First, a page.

Shared from the 8/6/2018 The Virginian-Pilot eEdition

Atlantic Shores Retirement Community named area’s first Pearl Neighborhood for conservation



A vegetable garden, above, and rain barrel, below, used by residents of Atlantic Shores Retirement Community.


The Atlantic Shores Retirement Community has at least 30 percent of its homeowners who have received the Pearl Homes designation through Lynnhaven River NOW.

Residents and staff at Atlantic Shores Retirement Community are working to conserve, re-use and recycle natural resources.

The 55-and-older active adult community, which sits on 100 acres adjacent to Red Wing Lake in Virginia Beach, was named the first official Pearl Neighborhood in South Hampton Roads by the Lynn-haven River NOW partnership.

The title is given to residential communities that show they care about the environment and establish programs to help restore and protect Virginia Beach waterways.

Kathy Parks, director of residential services, said the residents want to do better with the environment.

“And they want to help Atlantic Shores be more green,” Parks said.

Helen Kuhns, assistant director and Pearl program coordinator for Lynnhaven River NOW, said residents were eager to be the first to earn the designation for the newly launched program.

“They took the ball and ran with it,” Kuhns said.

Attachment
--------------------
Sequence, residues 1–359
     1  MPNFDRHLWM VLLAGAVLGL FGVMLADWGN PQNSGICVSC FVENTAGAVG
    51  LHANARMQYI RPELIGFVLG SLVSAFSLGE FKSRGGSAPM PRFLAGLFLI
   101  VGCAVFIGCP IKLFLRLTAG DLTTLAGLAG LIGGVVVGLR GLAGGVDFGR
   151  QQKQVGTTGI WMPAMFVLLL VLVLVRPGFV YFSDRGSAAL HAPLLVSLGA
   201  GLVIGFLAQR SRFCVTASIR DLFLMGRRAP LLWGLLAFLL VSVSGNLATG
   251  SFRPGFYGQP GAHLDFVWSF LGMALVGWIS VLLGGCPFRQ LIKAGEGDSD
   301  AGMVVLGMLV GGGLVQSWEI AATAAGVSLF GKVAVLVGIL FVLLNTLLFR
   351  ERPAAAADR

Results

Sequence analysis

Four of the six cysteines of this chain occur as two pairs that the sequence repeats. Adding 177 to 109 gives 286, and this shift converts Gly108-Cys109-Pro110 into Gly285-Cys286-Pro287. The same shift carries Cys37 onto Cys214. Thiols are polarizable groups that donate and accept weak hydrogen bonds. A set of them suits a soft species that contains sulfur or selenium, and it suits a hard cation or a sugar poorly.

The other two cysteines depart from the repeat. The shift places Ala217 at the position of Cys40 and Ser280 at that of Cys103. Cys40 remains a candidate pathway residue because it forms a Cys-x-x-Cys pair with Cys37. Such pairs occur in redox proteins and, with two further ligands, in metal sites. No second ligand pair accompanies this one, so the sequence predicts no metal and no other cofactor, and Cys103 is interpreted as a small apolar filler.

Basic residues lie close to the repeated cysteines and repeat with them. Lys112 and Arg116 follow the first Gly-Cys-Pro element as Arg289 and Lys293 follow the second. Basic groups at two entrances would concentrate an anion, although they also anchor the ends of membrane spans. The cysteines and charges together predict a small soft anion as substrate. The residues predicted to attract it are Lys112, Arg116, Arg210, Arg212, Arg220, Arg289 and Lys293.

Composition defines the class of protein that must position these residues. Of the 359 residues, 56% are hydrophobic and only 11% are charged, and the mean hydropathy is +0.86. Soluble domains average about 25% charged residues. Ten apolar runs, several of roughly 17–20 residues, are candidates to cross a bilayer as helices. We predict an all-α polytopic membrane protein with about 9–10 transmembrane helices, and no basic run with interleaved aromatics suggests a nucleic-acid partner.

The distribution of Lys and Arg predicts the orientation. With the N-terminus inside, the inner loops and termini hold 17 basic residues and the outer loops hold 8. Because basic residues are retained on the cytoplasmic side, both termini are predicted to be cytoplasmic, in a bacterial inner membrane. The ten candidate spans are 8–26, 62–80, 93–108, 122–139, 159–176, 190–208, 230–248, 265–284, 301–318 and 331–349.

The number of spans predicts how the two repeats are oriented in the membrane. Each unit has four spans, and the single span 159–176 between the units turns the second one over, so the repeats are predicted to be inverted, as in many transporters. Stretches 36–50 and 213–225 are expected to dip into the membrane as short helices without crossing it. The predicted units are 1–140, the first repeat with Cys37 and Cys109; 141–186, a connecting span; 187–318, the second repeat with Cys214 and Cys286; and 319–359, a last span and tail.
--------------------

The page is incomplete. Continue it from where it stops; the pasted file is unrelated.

In January, residents formed the Atlantic Shores Green Committee which is a group of about 10 residents dedicated to making a positive impact on the local environment.

The committee was instrumental in helping the community get its certification, which included hosting a Lynnhaven River NOW educational opportunity, at least 30 percent of the community established as Pearl Homes and created at least one environmentally-focused community project.

Donna Hudgins, committee chair, said in a news release they are passionate and committed both as a group and as individuals and want to do what they can to preserve the planet.

“This will only become more important as time goes on, so we know this legacy will be carried on by future Atlantic Shores residents,” Hudgins said.

The first project – a system of rain barrels used to convert roof run-off into a water source for courtyard garden irrigation – is in place. Residents joined together to plant and tend 65 garden plots in the community’s Victory Garden.

Lynnhaven River NOW has fostered public/private partnerships since 2002 to decrease pollution along the Lynnhaven River. The organization also has Pearl Homes, Pearl Schools and Pearl Faith programs. A Pearl Business Awards program was recently instituted, too.

More than 30 percent – or 140 residents at Atlantic Shores – worked to make their residences a designated Pearl Home by installing programmable thermostats, sealing ductwork, and by using biodegradable products, reusable grocery bags and reusable water bottles.

On the exterior of their homes, they are scooping the poop, replacing turf grass with mulched beds and native plants, reducing pesticides and fertilizers and installing rain barrels and rain gardens.

Some residents, such as Ashby and Yvette Franklin, are taking on other roles. The couple is tracking the health of Redwing Lake and ponds in the community by using the Lynnhaven River NOW water quality monitoring program.

“It is our responsibility to keep it (Red Wing Lake) and the surrounding precious waters as pristine as we can,” Ashby Franklin said. “We also agree that this work must be done now to preserve these habitats for future generations.”

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